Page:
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Title: The development of remote controlled survey equipment to measure abandoned mine workings
Authors: Stuttle, Michael C.
Issue Date: 1999
Publisher: © Michael Christopher Stuttle
Abstract: Abandoned mine workings pose a serious threat to the stability of structures built on the land above them. After a number of much publicised collapses in the UK, the Government has made grants available, under the Derelict Land Scheme, to identify potentially dangerous areas above abandoned workings. These grants are used by local authorities to fund investigations to determine the size, position and state of workings and, if necessary, the infilling of these hazards. To monitor the state and extent of dry workings the geotechnical engineer has, at present, to rely mainly on closed circuit television surveys (CCTV). At best these surveys give only limited visual information a small distance away from the camera head and do not give the detailed, accurate surveys needed to enable plans to be formulated to monitor or treat the workings. It was following work undertaken by the Author in 1992 at the Hurst Hill mine in the Black Country of the West Midlands that the inadequacies of the CCTV became apparent and the idea of a new type of survey instrument was proposed. This thesis details the development of such an instrument. The thesis starts by examining the typical nature of surface regeneration above abandoned mine workings and investigates the mechanics of their collapse. This is followed by an investigation into existing technology for making remote measurements below surface. There follows an investigation into specific instrument components that could be used to develop a new type of instrument. A design specification is proposed to construct an instrument to perform surveys of dry abandoned mineworkings. There follows a pictorial record of the construction of the original prototype, its failing following field trials is examined. In a similar way four further prototypes are then examined. The testing of the final two prototypes, under controlled conditions, is then recorded. There follows a chapter on the varied trials carried out by the author with the instrument. Finally the thesis concludes with a summary of the developments to date, conclusions and a recommendation for further research. Finally it should be noted here that the project was funded directly by the author who is self employed and, as such, some delays were caused by the inability to immediately fund repairs following damage to the instrument or the design changes and modifications required. A number of other obstacles had to be overcome that used valuable resources and time, primary amongst these was defending a patent infringement case in the American and Canadian courts.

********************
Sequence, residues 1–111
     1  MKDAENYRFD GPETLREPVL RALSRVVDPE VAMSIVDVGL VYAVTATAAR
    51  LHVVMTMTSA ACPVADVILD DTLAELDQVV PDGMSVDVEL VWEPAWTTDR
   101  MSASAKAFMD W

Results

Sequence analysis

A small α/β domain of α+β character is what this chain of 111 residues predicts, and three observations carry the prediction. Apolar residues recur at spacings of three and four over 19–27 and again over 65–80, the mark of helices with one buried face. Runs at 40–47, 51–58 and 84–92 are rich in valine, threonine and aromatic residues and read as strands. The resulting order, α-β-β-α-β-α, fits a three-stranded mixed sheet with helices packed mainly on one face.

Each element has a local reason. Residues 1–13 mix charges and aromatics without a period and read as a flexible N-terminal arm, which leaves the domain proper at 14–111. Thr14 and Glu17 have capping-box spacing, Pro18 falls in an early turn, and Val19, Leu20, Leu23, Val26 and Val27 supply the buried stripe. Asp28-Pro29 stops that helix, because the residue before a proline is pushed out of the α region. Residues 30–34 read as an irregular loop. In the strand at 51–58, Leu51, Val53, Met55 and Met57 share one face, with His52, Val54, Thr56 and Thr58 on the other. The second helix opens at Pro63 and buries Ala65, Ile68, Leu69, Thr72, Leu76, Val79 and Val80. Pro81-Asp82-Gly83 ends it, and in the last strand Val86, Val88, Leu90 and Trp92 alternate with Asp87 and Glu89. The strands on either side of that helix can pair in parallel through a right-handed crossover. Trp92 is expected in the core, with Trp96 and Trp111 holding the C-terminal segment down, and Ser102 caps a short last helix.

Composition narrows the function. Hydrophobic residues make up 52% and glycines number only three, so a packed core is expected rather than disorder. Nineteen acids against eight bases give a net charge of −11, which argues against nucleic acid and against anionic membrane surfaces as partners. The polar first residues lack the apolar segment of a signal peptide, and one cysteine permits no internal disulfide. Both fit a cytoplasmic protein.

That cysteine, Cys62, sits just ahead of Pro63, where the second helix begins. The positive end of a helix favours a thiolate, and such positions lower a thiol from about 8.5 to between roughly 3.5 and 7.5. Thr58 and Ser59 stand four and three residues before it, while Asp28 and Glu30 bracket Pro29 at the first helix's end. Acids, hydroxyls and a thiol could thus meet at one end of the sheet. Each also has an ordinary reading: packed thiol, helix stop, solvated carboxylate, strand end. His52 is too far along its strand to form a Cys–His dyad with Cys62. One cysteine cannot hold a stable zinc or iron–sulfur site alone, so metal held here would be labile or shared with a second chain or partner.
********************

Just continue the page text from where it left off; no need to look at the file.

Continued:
Description: A Doctoral Thesis. Submitted in partial fulfilment of the requirements for the award of Doctor of Philosophy of Loughborough University.
Version: Closed access
URI: https://dspace.lboro.ac.uk/2134/11018
Appears in Collections:Closed Access PhD Theses (Civil and Building Engineering)

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